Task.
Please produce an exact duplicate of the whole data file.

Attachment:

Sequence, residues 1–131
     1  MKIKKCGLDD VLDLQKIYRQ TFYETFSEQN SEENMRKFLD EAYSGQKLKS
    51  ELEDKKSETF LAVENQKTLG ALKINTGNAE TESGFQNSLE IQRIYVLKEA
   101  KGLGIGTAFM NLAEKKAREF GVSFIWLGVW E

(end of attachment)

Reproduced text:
Sequence, residues 1–131
     1  MKIKKCGLDD VLDLQKIYRQ TFYETFSEQN SEENMRKFLD EAYSGQKLKS
    51  ELEDKKSETF LAVENQKTLG ALKINTGNAE TESGFQNSLE IQRIYVLKEA
   101  KGLGIGTAFM NLAEKKAREF GVSFIWLGVW E